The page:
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I've made some postings on the NSSA board about this item, if you are interested. It has turned out to be an interesting research project because if you read the popular books on Civil War and pre-Civil War U.S. artillery, you might get the impression that the US did not buy any bronze 6-pounders between 1801 and 1836. It seems that was not the case. "Brass gun" was the common name for guns made from gunmetal bronze, an alloy of about 90% copper and 10% tin.

http://www.n-ssa.net/phpbb/viewtopic.php?p=30306#30306
 

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cannonmn, i've been keeping up on your research project, my main interest has always been history. hope you find the answer soon and post it,history is interesting and fun!!! how'd things turn out with the SNY belt plate?
 

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Thanks Lance, yes I bought the beltplate online, and it arrived quickly looking just like the picture.
 

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I find it interesting that the definitions of brass and bronze are copper combinded with either tin or zinc.

When in reality one will find formulas for brass and bronze that both contain tin and zinc (and other add-metals) in some proportions.

So it is not unexpected to hear the term brass gun referring to a cannon made of "brass" or "bronze".
 

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Cat said:
I find it interesting that the definitions of brass and bronze are copper combinded with either tin or zinc.

When in reality one will find formulas for brass and bronze that both contain tin and zinc (and other add-metals) in some proportions.

So it is not unexpected to hear the term brass gun referring to a cannon made of "brass" or "bronze".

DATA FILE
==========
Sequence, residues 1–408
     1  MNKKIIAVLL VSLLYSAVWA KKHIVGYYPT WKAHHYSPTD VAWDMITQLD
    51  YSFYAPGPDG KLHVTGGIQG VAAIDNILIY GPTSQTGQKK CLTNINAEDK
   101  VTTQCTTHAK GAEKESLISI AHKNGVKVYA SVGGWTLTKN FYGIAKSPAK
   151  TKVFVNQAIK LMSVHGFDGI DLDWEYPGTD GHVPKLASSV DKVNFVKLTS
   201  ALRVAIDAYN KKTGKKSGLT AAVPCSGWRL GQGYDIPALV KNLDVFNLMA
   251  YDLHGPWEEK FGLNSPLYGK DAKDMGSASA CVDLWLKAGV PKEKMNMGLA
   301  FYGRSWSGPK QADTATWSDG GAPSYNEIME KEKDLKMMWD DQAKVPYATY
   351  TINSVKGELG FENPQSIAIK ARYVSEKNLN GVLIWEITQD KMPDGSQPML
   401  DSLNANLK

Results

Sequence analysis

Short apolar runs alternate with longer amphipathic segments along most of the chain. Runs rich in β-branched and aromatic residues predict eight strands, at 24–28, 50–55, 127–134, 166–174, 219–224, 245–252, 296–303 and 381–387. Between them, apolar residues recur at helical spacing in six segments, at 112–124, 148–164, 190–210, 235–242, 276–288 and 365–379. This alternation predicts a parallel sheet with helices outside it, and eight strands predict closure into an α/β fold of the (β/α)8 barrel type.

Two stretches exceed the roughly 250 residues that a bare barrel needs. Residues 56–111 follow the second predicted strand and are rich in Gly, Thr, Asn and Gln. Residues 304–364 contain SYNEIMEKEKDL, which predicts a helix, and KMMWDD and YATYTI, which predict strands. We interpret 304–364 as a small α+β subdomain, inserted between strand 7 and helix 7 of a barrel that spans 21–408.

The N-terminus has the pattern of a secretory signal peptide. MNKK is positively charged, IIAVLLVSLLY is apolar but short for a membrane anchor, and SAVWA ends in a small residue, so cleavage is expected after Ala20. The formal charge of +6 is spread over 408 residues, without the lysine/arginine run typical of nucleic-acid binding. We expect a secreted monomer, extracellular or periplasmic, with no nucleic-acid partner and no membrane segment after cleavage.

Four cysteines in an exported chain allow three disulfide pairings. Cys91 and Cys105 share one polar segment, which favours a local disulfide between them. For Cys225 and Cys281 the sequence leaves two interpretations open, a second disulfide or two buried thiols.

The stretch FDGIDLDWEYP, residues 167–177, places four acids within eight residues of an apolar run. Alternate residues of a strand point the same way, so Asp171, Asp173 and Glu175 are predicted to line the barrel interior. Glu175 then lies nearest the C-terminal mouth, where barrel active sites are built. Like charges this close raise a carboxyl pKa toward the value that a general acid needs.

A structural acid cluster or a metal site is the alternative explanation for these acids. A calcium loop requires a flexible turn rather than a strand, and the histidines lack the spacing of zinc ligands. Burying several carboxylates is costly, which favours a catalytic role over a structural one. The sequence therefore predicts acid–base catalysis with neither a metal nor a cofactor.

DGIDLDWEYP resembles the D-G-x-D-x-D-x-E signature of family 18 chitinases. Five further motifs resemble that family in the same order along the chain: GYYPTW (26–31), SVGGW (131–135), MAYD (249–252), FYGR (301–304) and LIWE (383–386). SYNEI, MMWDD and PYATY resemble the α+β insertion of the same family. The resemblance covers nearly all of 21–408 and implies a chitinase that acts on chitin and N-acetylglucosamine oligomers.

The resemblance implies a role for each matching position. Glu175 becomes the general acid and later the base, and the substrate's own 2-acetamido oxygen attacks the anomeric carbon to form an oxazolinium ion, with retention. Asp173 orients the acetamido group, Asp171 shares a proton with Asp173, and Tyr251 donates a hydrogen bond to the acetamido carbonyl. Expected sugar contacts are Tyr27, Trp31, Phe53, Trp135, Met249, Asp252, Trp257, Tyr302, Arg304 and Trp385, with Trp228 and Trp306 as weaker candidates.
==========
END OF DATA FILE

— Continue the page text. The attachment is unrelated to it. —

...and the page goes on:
Many moons ago I was taught that true bronze does not have zinc as an alloying element(?) An instructor once told me one way to remember this - "Bronze has NZ in it. No Zinc."
 

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By sheer accident, we've found a second example of this scarce model of 6-pounder. It is at Fort McHenry MD. I posted pictures of mine and theirs side-by-side today, but easy enough to put them here too:

http://www.n-ssa.net/phpbb/viewtopic.php?t=8102


<img src="http://i17.photobucket.com/albums/b62/cannonmn/miscforumsetc/forums3/IMG_3298.jpg" alt="Photobucket - Video and Image Hosting"><br><br>
<img src="http://i17.photobucket.com/albums/b62/cannonmn/miscforumsetc/forums3/IMG_6406.jpg" alt="Photobucket - Video and Image Hosting"><br><br>
 

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Well, after quite a bit of research in archives, books, etc. I'm either at the end of the search or very close to it. I'm convinced based on some information I just found, that the "SNY" cannon was cast at Springfield MA., by James Byers, ca. 1794.

I've kept up the thread on the NSSA board. It is now on two pages so you have to look hard to find the page button when you get to the end of the first page.

http://n-ssa.org/phpbb/viewtopic.php?t=8102
 
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